BP profits outperformed expectations by almost $1 billion in the first quarter of 2013 thanks in part to the high margin nature of new production that came on stream at the end of 2012 and a strong performance from its trading division.
The British oil company - still fighting multi-billion dollar lawsuits over its Gulf of Mexico oil spill of three years ago - turned in underlying replacement cost net profit of $4.22 billion for the quarter.
That was down from $4.65 billion a year ago mainly due to asset sales, but it beat analysts' forecasts of around $3.27 billion and the company's shares climbed 2.3 percent to 467.5 pence in early Tuesday trade, their highest since late January.
"It's a very good number. They beat consensus materially. The way I look at it I strip out what I think are non-recurring things like trading gains, positive consolidation," said Societe Generale analyst Irene Himona. "Even if you strip all that out you find that the adjusted profit in Q1 was still about 7 percent ahead of consensus, so clearly a strong operational performance that's very encouraging."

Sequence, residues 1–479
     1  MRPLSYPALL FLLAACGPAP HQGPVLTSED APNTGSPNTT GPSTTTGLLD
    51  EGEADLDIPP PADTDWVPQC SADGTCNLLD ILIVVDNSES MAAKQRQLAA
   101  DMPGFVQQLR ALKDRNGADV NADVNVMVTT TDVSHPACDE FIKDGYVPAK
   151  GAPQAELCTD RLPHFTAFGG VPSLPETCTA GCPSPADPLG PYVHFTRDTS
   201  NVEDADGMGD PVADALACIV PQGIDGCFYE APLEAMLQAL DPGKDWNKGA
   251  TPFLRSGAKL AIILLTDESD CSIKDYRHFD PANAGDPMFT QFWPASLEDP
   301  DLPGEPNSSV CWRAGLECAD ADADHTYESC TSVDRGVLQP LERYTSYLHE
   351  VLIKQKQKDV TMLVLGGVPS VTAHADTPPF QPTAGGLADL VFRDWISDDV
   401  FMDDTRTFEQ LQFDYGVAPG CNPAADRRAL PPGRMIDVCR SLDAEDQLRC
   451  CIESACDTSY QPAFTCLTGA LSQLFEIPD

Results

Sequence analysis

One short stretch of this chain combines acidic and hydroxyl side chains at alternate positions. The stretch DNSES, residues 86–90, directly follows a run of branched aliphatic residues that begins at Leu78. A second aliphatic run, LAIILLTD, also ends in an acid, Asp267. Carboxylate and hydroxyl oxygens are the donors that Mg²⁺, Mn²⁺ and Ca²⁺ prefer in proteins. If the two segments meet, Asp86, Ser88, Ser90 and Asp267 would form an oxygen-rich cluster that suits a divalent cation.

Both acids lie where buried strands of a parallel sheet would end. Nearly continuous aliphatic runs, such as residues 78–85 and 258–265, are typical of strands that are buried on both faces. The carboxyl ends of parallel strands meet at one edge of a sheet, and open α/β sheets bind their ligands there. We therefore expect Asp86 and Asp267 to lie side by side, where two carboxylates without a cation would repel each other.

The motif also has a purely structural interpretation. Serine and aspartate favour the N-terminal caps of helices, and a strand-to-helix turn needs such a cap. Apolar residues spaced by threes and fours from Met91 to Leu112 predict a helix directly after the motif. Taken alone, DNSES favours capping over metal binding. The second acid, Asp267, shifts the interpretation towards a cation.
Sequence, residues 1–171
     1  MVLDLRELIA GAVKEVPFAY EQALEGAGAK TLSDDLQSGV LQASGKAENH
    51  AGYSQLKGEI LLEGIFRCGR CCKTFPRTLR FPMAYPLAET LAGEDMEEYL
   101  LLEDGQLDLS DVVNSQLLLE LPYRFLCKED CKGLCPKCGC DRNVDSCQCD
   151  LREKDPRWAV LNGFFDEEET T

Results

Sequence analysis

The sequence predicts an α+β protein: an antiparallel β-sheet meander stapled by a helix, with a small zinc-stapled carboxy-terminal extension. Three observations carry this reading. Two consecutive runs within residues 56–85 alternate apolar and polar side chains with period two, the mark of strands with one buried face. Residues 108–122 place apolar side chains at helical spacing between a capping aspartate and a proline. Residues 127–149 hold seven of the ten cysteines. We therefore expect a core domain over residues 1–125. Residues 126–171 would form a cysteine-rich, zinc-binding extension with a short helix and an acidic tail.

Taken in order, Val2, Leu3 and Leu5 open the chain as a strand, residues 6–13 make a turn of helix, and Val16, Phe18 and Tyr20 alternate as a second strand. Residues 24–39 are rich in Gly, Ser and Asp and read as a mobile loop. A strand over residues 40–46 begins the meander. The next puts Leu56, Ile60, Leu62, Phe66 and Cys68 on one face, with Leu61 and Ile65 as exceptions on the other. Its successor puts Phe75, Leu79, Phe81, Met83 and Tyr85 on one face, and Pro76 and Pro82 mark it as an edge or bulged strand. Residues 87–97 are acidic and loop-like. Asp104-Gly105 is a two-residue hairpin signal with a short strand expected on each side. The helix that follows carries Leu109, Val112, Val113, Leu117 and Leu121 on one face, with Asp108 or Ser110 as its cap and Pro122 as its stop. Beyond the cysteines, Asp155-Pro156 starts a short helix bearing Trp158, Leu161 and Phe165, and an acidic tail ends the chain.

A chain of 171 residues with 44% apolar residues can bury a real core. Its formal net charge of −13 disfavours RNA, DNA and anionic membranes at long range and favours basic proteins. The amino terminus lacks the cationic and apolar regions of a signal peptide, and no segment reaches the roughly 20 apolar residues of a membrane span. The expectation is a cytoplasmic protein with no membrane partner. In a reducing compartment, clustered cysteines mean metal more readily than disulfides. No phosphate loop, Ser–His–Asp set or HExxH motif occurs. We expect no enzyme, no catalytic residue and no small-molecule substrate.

BP has been flagging for some time that its new production might deliver better profitability. The quarter included a full three months of production from its Skarv field in the North Sea and from its PSVM facility in Angola, which both started producing at the end of last year.
Lower unplanned downtime in the refining part of the business and lower costs also contributed to the earnings surprise. Trading of oil and gas is not separated out in BP's figures, with oil trading buried in a refining and marketing result that was twice as strong as a year ago, and gas trading hidden within the upstream oil and gas production section which was down slightly.
The lower overall profit versus a year ago tracks the group's shrinking earning power after the sale of its holding in Russian venture TNK-BP, and the disposal of other producing assets to pay its oil spill liabilities.
Ten days of earnings from its newly-acquired stake in Russia's top oil firm Rosneft and the profitable extra output failed to make up the difference.
BP's rivals Exxon Mobil and Chevron also reported better-than-expected first-quarter profits last week, although the scale of BP's earnings surprise is bigger.
BP's chief executive Bob Dudley, who has been under pressure from investors to deliver a turnaround for the company, said the completion of a $38 billion post-spill divestment programme along with the revamp of its Russian activities which was completed ahead of deadline earlier this year and produced an $8 billion share buyback, were steps in that direction.
"We have really simplified and focused down the portfolio," he said in a company video. We've got a lot still to do this year but it's off to a good start."
image: © Rusty Clark